Supreme Court lets sanctions counterclaim in medical malpractice suit go forward even though
motion for sanctions was not filed until after Plaintiff nonsuited.
Crites, MD v. Collins, No. 07-0315 (Tex. May 1, 2009)(per curiam)
(HCLC, med-mal plaintiiff's nonsuit does not preclude Defendant's counterclaim for statutory sanctions)
(medical malpractice, failure to file expert report) (defendant's counterclaim for sanctions in the form of
attorney's fees may proceed following med-mal plaintiff's nonsuit)(finality of judgment, effect of nonsuit,
timeliness of notice of appeal, deadline for filing notice of appeal)
We hold that sanctions authorized under the MLIIA remain available following a
voluntary nonsuit filed after the expert deadline. We therefore reverse the court of
appeals’ judgment and remand the case to that court to consider the merits of the
defendant’s claims. The fact that Dr. Crites filed her motion for sanctions after the
plaintiffs had already filed their effective-immediately nonsuit does not affect
whether the trial court had the power to grant sanctions, so long as the trial court’
s plenary authority has not expired.
FRANCES B. CRITES, M.D. v. LINDA COLLINS AND WILLIE COLLINS; from Dallas County; 5th district (05-06-00453-CV,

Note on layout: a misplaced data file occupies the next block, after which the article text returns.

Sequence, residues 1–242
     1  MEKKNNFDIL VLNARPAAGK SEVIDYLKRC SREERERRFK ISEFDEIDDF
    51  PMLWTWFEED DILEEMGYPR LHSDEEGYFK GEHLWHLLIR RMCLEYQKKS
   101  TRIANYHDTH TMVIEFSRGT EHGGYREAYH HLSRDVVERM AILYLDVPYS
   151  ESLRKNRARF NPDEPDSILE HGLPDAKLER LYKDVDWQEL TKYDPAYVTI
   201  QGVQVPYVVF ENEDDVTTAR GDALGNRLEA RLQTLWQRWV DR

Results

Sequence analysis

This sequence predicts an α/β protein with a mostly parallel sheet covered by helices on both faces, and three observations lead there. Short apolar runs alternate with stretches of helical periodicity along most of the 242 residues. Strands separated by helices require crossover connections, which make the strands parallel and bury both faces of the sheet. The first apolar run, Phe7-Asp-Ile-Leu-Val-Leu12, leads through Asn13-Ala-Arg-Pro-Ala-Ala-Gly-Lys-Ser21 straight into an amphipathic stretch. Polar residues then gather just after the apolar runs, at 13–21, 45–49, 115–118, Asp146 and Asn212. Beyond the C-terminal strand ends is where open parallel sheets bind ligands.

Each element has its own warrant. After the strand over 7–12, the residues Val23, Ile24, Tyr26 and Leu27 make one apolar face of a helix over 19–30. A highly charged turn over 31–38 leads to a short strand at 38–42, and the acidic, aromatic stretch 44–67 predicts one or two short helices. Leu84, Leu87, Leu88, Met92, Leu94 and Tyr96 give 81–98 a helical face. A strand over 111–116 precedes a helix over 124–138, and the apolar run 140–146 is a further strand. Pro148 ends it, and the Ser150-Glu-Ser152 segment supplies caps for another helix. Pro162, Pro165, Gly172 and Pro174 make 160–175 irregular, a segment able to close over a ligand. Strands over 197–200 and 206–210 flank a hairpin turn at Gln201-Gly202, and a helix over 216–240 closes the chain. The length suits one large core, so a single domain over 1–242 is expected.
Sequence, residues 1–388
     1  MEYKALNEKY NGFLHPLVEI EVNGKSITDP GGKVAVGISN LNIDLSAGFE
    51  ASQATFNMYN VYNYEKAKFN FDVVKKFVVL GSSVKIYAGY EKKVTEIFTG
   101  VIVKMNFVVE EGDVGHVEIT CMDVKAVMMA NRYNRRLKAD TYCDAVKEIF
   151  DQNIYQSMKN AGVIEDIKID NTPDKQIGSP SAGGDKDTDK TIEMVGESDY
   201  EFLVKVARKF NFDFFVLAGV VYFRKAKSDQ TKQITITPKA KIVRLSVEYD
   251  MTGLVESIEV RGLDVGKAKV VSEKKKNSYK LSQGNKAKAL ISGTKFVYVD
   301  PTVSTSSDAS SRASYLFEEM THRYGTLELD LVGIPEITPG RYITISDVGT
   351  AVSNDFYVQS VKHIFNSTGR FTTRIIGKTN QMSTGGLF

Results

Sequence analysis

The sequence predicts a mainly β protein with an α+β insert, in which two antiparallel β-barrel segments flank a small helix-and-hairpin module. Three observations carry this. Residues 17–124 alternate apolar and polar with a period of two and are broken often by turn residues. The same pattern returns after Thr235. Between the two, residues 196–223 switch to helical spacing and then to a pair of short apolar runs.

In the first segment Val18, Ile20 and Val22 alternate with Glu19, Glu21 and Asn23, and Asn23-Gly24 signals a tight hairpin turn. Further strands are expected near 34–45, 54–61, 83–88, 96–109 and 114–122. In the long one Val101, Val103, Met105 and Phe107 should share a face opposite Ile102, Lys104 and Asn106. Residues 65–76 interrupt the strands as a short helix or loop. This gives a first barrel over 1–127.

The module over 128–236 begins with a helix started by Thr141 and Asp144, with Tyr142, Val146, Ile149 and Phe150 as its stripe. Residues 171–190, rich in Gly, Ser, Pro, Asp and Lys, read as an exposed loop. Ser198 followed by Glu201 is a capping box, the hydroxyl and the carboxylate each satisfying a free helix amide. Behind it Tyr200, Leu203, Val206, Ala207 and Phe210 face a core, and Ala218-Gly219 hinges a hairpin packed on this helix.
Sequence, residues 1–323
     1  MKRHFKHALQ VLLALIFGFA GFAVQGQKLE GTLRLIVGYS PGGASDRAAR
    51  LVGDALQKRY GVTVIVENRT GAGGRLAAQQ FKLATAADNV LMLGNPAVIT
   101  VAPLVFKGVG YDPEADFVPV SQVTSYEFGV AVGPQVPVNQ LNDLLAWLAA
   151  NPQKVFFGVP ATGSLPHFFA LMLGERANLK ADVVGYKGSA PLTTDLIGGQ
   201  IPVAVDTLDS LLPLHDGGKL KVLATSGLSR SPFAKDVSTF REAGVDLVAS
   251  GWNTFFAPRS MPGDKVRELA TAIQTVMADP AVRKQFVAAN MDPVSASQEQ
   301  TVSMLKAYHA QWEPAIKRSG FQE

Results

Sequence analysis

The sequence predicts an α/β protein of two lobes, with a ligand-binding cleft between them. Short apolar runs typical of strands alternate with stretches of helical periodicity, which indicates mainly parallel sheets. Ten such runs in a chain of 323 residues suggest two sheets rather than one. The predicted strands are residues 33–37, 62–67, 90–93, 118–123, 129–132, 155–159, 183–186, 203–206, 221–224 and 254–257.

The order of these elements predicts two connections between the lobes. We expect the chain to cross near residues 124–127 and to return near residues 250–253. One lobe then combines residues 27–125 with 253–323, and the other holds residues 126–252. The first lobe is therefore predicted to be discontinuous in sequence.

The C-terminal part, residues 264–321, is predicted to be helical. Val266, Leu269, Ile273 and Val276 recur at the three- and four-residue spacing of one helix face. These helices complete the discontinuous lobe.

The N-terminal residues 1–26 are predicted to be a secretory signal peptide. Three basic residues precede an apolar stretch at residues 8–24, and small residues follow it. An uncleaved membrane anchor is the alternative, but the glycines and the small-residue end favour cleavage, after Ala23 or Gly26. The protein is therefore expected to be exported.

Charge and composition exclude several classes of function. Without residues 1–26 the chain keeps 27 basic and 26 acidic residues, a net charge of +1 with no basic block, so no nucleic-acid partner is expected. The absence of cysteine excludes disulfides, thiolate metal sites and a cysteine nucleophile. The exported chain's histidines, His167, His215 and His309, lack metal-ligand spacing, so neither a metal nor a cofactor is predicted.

___ SW3d ___, 02-28-07) (Opinion of the Dallas Court of Appeals) (" Frances B. Crites, M.D. appeals the trial court's
denial of her motion to dismiss with prejudice and for reasonable attorney's fees and costs under section 74.351(b) of
the Texas Civil Practice and Remedies Code, which she filed after Linda Collins and Willie Collins nonsuited their
medical malpractice causes of action. In a single issue, Dr. Crites asserts the trial court abused its discretion in
denying her motion. We conclude the trial court correctly denied Dr. Crites's motion for both dismissal with prejudice
and reasonable attorney's fees and costs. Accordingly, we affirm the trial court's judgment.
Pursuant to Texas Rule of Appellate Procedure 59.1, after granting the petition for review and without hearing oral